A new study published in the Journal of Pediatrics found ensuring children under 15 are properly restrained—or wearing seat belts at all—could save about 232 lives every year. Researchers found 20% of children who died in fatal car crashes between 2010 and 2014 weren't buckled in or were improperly restrained, NPR reports. Of the more than 18,000 children involved in fatal car crashes in those years, 15.9% died. The biggest factor in those deaths was whether the children were properly restrained. Other factors included rural roads, which increased the likelihood a child would die in a car crash, and red light cameras, which decreased that likelihood.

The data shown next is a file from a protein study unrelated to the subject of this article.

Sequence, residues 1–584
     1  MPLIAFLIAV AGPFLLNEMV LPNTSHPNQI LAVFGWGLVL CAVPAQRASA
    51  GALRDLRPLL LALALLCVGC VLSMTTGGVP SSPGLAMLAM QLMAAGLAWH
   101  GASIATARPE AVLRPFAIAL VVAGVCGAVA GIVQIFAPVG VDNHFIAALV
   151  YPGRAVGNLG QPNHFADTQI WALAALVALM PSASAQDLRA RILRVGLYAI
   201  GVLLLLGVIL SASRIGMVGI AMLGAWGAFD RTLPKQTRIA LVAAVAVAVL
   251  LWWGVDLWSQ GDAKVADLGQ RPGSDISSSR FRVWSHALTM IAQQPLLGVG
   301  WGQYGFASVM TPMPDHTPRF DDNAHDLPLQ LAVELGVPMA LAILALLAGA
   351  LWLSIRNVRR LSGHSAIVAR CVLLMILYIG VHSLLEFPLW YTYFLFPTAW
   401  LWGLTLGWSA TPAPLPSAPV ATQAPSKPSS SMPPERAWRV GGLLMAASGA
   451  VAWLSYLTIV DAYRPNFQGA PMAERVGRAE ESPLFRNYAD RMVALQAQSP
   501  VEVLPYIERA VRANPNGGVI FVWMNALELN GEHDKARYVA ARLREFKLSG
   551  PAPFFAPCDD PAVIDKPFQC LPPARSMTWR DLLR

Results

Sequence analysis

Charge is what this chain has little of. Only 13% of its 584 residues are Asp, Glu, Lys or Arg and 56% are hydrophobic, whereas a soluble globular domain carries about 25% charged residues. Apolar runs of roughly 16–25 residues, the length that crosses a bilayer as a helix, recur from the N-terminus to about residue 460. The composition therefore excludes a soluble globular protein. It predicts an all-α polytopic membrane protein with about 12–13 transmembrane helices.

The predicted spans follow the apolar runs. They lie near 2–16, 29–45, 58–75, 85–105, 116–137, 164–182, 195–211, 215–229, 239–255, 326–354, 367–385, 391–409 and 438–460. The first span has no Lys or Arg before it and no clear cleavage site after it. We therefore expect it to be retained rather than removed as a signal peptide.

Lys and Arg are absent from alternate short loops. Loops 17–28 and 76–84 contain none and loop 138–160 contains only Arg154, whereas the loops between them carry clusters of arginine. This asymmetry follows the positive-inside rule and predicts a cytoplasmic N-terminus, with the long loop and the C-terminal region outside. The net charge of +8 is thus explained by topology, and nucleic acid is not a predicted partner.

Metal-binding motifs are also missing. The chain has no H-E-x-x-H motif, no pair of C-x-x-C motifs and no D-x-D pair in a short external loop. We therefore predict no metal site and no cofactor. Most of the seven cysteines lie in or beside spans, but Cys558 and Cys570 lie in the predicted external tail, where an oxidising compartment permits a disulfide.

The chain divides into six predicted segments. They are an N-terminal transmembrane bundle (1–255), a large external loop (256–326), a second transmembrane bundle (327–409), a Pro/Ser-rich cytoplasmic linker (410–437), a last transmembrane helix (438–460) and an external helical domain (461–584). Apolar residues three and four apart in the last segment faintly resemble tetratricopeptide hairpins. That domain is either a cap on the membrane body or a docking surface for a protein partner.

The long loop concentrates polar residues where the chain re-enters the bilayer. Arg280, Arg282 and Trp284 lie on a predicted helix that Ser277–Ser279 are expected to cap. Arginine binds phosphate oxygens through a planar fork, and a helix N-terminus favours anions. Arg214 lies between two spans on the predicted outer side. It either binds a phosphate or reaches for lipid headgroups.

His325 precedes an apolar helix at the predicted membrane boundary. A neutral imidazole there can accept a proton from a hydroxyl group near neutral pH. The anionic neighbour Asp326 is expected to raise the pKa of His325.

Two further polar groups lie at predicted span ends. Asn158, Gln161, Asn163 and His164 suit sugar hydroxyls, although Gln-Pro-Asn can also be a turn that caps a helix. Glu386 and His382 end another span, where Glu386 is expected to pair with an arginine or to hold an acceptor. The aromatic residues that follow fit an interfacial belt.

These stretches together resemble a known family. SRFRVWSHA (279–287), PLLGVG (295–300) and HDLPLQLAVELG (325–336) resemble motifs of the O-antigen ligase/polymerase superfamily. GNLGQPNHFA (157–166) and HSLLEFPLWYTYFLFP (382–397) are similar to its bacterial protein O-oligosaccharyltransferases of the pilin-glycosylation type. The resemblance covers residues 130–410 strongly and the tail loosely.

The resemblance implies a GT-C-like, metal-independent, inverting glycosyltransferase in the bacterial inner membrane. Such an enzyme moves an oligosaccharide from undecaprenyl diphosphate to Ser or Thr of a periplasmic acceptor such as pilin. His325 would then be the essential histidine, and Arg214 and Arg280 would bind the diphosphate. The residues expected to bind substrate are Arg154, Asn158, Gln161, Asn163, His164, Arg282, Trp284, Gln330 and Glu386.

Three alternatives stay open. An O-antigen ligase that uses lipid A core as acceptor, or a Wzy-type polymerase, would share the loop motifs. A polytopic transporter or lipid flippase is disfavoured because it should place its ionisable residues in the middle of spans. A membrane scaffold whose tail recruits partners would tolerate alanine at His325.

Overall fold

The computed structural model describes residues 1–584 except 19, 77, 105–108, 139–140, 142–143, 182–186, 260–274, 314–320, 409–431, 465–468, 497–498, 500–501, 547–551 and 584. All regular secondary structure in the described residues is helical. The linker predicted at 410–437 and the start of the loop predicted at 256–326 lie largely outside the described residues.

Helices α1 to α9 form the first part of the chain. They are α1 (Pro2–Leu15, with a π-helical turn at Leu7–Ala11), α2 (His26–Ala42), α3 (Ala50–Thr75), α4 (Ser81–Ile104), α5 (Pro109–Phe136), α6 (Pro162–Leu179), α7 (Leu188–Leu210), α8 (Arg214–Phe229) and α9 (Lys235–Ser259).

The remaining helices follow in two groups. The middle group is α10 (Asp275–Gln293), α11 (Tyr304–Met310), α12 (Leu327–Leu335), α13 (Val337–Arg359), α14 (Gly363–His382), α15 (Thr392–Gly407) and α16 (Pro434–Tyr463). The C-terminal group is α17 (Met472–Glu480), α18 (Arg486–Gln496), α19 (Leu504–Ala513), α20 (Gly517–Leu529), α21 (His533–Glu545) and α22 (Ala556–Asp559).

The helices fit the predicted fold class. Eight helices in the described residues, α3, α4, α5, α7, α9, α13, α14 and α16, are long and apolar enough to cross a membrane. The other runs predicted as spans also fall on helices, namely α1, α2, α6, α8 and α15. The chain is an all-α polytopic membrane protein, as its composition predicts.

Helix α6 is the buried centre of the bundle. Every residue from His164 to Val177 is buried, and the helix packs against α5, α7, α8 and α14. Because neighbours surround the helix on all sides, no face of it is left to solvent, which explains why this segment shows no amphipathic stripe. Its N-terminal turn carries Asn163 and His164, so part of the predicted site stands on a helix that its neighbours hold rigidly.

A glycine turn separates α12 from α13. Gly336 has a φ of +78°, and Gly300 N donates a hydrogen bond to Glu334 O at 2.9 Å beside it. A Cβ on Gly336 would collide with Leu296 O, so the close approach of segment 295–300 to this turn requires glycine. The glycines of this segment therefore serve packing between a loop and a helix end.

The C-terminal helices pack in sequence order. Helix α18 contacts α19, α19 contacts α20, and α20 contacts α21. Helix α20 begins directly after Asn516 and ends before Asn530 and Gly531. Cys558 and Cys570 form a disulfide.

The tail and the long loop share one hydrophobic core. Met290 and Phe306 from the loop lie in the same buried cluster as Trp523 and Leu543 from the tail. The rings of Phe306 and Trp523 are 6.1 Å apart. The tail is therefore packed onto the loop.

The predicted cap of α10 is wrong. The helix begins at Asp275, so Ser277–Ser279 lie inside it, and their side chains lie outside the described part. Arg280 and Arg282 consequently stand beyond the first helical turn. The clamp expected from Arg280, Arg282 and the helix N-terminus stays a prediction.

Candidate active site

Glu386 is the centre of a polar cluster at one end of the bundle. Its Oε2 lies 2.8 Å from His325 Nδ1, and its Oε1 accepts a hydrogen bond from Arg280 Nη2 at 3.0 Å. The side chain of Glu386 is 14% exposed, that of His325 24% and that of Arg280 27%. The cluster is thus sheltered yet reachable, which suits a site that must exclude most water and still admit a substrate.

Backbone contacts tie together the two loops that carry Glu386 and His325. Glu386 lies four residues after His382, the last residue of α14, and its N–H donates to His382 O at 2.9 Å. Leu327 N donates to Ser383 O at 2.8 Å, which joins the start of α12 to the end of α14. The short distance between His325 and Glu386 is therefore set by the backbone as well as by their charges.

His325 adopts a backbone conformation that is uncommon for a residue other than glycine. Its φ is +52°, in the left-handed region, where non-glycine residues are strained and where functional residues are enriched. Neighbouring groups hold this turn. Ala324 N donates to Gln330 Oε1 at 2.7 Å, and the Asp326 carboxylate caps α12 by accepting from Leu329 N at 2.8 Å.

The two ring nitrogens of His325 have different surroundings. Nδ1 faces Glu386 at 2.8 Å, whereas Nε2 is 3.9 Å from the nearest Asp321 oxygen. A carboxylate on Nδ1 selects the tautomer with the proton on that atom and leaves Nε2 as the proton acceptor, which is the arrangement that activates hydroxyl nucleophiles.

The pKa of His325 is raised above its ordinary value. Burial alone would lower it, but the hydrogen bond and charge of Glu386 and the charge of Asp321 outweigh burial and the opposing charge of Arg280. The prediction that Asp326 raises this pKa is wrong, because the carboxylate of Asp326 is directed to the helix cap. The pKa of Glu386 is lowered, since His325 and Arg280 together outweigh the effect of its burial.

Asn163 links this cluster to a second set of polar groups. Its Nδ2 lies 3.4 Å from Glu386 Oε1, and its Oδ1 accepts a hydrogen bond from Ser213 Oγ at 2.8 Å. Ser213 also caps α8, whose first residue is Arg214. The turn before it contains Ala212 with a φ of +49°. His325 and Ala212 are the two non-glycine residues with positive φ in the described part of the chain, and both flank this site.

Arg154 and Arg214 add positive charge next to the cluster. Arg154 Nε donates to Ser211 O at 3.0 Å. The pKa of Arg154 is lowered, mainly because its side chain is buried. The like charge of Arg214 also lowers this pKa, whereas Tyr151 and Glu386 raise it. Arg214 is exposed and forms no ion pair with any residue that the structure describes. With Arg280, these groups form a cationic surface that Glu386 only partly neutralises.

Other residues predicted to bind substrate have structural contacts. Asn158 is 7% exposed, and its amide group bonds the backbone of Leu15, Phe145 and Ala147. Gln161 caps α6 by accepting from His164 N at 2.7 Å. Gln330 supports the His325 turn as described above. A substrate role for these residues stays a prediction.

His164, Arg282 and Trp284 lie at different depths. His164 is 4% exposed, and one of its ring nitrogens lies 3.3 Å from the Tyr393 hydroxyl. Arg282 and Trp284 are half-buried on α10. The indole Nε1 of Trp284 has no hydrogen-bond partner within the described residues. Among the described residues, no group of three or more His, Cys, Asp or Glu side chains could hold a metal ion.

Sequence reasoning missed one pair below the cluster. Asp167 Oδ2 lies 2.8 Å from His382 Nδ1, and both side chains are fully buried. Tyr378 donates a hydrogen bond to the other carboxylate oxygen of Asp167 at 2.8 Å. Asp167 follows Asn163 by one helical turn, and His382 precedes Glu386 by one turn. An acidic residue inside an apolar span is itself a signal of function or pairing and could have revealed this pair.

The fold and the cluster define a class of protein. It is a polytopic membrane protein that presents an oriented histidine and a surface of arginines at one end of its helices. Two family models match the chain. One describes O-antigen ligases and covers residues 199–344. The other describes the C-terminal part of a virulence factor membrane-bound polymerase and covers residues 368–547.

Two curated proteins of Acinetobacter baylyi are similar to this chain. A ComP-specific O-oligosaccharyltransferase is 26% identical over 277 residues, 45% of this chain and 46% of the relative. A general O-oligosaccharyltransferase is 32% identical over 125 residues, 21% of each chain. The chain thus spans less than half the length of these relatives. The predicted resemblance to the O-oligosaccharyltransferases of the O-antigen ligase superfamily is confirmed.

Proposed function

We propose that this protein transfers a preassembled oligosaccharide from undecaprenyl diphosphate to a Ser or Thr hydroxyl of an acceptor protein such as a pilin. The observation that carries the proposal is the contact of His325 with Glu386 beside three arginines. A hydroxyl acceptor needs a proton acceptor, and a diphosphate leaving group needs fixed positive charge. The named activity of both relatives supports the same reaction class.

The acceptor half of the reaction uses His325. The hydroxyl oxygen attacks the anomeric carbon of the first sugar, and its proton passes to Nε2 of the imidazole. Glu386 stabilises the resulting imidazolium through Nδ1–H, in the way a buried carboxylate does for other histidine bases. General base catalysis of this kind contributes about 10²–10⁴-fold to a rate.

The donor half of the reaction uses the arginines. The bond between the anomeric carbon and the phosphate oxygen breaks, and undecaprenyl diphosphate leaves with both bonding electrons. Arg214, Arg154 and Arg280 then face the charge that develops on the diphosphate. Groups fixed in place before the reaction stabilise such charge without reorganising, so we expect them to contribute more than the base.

The study found child fatality rates varied widely by state, which makes sense as seat belt laws, public information on car seats, rural roads, and the use of red light cameras also vary widely by state. More than half of all children who died in a car crash lived in the South. The highest rates of death were in Mississippi, Wyoming, Alabama, Montana, and Virginia, CBS News reports. The lowest were in Massachusetts, New York, New Jersey, Washington, and Rhode Island. In Mississippi, 38% of children who died in a fatal car crash weren't restrained properly or at all. The study's authors advocate for stronger seat belt laws and better public information—potentially at the federal level—to protect children in car crashes. (Read more car crash stories.)